Gunfire was still rattling from somewhere in the forest. We moved in its general direction, towards the next stop on the itinerary: an exhibit of the various kinds of traps that the Vietnamese deployed against each other during the war. Behind a fence sat a row of holes in the ground, each full of spikes arranged in different patterns. They varied in their size, depth, and the particular way they were designed to rupture your body, but they all had one thing in common: they were utterly horrifying. I winced just looking at them.
Note the cartoon GIs getting maimed in the background.
As Jackie explained the mechanics of the fourth trap, with its downward-pointing barbs designed not to kill but to trap your leg until you bled to death, I pondered just how depraved you’d have to be to design such a thing.
Then I realised, are the people behind these traps really different from us in any fundamental way? I don’t think so.
It’s incredible what human beings are capable of doing to each other, given the right (or wrong) circumstances. Who’s to say that I’d have acted any better if I’d had to go through the horrors that so many Vietnamese went through in the 60s?
If I’d been born a few generations earlier, I’d surely have ended up in one war or another, if not against the Germans then against the Ottomans, the Boers, the French, the American revolutionaries, or any of the other countless nations that England has battled over the years. Who knows what depths I might have sunk to if it had been my life on the line? It’s an unsettling thought. Once again: I count my blessings.
Vietnam is at peace now, but the end of a war isn’t always a good thing, especially if you’re on the losing side. Born and raised in Saigon, Jackie had fought for the ARVN, and after they were defeated in 1975 he was thrown in jail.
“I was in prison for three years,” he told us. “I was very happy to go to prison.”
Happy? Really? Why?
“Because I am survivor. In war, easy die. Many times I thought I will die. But I survive. In prison, I know I not die. Prison very better than war.”
Everything is relative.
This concluded the tour, but there was still one place left to visit: the shooting range, which was the source of the aforementioned gunfire.
This is the other attraction at Cu Chi - their stock of authentic Vietnam War-era rifles and machine guns. For a reasonable price, you can go nuts against a bunch of targets with any gun you want! I didn’t need to be told twice.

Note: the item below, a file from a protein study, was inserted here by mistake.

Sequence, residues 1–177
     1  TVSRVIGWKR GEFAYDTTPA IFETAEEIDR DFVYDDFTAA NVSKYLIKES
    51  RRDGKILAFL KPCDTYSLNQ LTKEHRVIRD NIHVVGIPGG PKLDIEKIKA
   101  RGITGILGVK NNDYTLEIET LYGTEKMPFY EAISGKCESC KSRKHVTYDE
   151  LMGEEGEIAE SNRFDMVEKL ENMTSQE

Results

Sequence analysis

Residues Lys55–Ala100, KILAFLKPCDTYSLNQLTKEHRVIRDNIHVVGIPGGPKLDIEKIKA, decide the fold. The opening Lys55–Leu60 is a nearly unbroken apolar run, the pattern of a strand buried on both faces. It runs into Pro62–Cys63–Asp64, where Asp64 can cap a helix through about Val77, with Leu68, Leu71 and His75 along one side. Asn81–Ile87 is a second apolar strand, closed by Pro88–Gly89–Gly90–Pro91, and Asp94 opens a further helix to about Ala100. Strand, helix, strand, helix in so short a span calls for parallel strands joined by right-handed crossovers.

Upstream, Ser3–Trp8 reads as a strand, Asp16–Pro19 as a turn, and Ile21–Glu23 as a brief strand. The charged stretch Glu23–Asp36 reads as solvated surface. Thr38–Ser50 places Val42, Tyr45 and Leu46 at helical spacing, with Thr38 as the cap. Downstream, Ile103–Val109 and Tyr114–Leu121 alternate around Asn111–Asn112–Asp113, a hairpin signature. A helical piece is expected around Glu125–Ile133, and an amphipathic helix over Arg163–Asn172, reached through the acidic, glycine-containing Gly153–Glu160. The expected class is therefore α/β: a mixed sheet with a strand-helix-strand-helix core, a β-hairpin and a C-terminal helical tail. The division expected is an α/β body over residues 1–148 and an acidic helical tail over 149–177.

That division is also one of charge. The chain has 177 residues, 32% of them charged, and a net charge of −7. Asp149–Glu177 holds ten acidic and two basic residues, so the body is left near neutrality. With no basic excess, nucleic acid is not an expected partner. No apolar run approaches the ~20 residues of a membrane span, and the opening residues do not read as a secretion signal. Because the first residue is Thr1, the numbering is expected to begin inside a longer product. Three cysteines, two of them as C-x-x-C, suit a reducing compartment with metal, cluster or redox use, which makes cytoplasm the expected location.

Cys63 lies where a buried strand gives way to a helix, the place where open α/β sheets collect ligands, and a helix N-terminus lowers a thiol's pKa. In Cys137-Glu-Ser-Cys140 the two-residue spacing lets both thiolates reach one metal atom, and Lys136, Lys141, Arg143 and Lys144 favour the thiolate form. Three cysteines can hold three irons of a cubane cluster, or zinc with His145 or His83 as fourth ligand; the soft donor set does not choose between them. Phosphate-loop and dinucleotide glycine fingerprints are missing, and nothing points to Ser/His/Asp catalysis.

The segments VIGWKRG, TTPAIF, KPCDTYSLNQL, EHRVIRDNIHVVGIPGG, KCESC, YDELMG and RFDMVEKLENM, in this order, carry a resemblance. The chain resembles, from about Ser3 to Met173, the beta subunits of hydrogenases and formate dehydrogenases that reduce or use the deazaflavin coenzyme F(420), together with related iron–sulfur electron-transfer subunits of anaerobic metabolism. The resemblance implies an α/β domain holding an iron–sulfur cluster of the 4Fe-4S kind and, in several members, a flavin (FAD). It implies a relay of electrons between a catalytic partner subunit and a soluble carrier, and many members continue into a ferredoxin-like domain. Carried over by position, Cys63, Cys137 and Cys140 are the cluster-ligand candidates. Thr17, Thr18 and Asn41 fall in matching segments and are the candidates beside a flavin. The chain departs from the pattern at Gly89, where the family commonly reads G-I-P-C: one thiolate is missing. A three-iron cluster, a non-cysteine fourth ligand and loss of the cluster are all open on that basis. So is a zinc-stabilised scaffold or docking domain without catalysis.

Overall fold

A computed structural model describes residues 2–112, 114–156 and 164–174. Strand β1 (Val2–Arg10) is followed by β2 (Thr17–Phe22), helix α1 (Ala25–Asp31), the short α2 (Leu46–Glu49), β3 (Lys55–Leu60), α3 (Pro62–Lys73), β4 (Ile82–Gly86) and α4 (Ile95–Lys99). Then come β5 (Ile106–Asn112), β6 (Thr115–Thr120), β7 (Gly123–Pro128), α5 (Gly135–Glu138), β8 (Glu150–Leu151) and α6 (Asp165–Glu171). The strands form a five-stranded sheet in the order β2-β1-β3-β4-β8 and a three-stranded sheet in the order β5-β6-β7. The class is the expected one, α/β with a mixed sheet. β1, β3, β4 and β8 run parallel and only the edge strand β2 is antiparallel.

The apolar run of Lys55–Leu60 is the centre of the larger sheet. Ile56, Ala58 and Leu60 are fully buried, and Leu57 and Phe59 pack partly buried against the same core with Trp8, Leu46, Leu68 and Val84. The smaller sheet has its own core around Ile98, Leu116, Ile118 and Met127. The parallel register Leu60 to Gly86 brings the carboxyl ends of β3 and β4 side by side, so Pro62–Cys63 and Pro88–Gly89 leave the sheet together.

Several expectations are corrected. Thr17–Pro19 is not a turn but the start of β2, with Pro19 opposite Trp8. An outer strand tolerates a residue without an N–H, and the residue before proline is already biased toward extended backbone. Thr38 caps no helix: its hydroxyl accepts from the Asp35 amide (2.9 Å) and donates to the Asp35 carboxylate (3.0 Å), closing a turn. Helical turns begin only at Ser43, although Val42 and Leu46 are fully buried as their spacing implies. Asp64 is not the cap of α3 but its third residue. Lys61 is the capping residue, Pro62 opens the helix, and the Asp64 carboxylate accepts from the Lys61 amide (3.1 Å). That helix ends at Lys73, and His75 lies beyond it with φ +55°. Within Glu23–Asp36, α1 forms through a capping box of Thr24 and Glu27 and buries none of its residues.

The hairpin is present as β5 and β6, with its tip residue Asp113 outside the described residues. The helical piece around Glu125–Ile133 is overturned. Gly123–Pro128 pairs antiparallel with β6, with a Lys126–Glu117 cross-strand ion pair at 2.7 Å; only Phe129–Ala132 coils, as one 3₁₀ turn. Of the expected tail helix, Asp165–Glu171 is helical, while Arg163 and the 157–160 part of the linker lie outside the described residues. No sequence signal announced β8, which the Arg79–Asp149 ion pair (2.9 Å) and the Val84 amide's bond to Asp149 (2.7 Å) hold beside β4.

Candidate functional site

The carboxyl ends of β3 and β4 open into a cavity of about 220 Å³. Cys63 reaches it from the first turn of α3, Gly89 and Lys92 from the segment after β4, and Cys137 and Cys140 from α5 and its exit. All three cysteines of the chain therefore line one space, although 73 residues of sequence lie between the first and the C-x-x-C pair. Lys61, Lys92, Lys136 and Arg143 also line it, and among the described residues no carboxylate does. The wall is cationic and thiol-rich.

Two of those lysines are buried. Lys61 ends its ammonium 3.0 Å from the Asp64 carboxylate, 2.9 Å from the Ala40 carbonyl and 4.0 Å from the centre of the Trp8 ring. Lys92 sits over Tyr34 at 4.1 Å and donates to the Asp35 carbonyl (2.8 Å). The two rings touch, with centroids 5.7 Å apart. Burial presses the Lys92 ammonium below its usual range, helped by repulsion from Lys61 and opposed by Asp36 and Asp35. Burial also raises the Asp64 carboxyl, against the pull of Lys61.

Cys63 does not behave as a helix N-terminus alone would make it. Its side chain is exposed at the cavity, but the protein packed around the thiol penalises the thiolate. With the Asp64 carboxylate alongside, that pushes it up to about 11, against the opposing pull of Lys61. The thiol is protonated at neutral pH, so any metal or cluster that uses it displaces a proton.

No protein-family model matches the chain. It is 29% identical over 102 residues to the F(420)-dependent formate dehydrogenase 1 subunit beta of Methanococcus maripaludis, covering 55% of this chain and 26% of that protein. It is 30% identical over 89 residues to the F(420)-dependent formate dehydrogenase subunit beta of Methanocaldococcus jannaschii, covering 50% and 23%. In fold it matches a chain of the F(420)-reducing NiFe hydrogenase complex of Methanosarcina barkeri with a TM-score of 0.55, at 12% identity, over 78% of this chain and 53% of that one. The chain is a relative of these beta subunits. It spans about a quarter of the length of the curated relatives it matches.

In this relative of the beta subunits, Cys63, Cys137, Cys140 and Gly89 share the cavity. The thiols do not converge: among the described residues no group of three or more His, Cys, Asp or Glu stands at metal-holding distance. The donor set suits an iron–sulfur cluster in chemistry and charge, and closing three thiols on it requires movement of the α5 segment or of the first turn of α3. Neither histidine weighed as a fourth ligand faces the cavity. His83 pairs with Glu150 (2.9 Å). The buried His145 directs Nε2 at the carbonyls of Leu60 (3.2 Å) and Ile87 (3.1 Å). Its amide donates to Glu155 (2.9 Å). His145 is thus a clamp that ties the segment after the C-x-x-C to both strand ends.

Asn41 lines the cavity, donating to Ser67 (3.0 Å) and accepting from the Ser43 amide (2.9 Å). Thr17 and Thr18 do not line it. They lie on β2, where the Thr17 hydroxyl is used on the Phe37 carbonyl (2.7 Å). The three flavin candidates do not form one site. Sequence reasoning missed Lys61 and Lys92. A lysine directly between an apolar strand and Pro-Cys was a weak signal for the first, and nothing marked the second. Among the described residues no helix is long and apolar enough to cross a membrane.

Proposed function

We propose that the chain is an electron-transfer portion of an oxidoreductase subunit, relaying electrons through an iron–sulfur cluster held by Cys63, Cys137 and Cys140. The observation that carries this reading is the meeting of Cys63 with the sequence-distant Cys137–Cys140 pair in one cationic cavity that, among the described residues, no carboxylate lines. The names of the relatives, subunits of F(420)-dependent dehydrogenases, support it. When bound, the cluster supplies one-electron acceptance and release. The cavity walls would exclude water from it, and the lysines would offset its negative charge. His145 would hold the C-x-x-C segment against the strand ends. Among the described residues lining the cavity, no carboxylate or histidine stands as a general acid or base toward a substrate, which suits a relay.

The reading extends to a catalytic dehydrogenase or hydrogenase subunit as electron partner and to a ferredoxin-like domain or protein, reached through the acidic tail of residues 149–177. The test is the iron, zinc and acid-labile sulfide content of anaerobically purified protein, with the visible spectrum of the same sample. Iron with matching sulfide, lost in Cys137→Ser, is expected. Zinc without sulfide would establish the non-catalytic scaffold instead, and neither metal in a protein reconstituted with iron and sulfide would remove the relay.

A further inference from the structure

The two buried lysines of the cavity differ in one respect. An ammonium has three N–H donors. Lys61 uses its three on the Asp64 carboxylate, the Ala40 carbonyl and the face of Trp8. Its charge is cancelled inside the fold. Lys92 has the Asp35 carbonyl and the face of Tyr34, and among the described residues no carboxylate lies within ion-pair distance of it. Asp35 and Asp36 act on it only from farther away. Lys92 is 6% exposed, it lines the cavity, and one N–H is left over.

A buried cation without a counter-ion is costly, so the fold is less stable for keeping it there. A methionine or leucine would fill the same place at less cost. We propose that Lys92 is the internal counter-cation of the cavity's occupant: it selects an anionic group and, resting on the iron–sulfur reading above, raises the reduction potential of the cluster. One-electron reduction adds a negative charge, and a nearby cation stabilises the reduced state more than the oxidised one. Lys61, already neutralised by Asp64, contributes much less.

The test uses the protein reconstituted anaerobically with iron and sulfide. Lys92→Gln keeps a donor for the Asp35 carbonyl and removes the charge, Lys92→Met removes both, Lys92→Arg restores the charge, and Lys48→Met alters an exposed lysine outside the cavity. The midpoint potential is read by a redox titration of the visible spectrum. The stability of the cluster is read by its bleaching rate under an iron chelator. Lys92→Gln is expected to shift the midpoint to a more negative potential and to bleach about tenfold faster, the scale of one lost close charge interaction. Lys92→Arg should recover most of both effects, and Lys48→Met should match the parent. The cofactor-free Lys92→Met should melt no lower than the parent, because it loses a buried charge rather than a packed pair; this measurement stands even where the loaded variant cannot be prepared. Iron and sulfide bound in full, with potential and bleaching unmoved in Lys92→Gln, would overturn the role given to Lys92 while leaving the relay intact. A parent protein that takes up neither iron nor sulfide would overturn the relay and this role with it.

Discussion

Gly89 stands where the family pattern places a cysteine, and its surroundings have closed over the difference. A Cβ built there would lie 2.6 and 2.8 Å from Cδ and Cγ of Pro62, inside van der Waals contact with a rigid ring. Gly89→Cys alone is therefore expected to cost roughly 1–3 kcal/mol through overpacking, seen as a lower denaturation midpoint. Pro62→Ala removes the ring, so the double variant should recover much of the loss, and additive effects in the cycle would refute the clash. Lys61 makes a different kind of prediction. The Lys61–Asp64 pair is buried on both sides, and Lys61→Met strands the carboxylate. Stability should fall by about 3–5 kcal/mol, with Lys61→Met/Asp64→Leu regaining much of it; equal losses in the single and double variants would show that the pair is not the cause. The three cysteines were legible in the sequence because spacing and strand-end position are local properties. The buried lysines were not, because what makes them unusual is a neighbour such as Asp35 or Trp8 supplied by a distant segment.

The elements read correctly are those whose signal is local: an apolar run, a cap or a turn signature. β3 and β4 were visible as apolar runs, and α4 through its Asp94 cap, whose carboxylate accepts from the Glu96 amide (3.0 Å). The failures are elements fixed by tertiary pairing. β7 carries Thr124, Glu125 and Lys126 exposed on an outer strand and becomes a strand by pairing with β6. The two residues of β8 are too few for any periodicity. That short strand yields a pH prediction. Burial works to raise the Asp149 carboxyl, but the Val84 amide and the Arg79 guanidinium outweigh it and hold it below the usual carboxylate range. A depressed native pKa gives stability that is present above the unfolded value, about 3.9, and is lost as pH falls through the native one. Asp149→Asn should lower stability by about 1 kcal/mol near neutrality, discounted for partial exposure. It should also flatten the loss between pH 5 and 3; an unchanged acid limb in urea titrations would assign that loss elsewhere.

In typical Vietnamese fashion, regulations were non-existent. Just choose your weapon from a menu that reads like the character creation screen in Counter Strike, hand over a fistful of Đong, grab a rifle and Rambo’s your uncle. The guns are mounted in such a way that you can’t point themr itowards where anyone might be standing, but the nonchalant way in which anyone can stroll up to the range and be shooting within twenty seconds would give a British health-and-safety inspector a much-deserved heart attack.
Drawing on the extensive knowledge of firearms I gained from a childhood wasted playing violent videogames, I elected for the gentleman’s choice: The AK-47.
Say what you will about gun control; all I know is that this is the coolest I have ever looked.
Now, I’m from England, where guns are as rare as funny episodes of Big Bang Theory. I have no desire to own a gun, I do not feel like owning a gun would make me safe, and a society in which people feel like they need to carry firearms to protect themselves is not a society I want to live in. I am a staunch supporter of my home country’s gun-free culture, and I hope it never changes.
With that being said, there is one undeniable fact which I feel gets overlooked amidst all the current controversy: Guns are cool.
Seriously. Blasting that target to shreds with an Kalashnikov was the most fun I’ve had in months. Now I understand why Americans are so reluctant to part with their boomsticks. Shooting things rocks!
My only regret is that, at 35,000Đ ($1.75) a bullet, I could only afford a few rounds of explosive amusement. If money was no object, I wouldn’t have hesitated to drop a few hundred dollars on a big stack of magazines and go full-auto against some unsuspecting cardboard cutout.
Maybe even have a go on this beast:
So frickin' awesome.
Legend has it that somewhere in Cambodia you can pay $300 to blow up a cow with a rocket launcher. While the former vegetarian in me is horrified, the former Call of Duty-player has a new goal in life.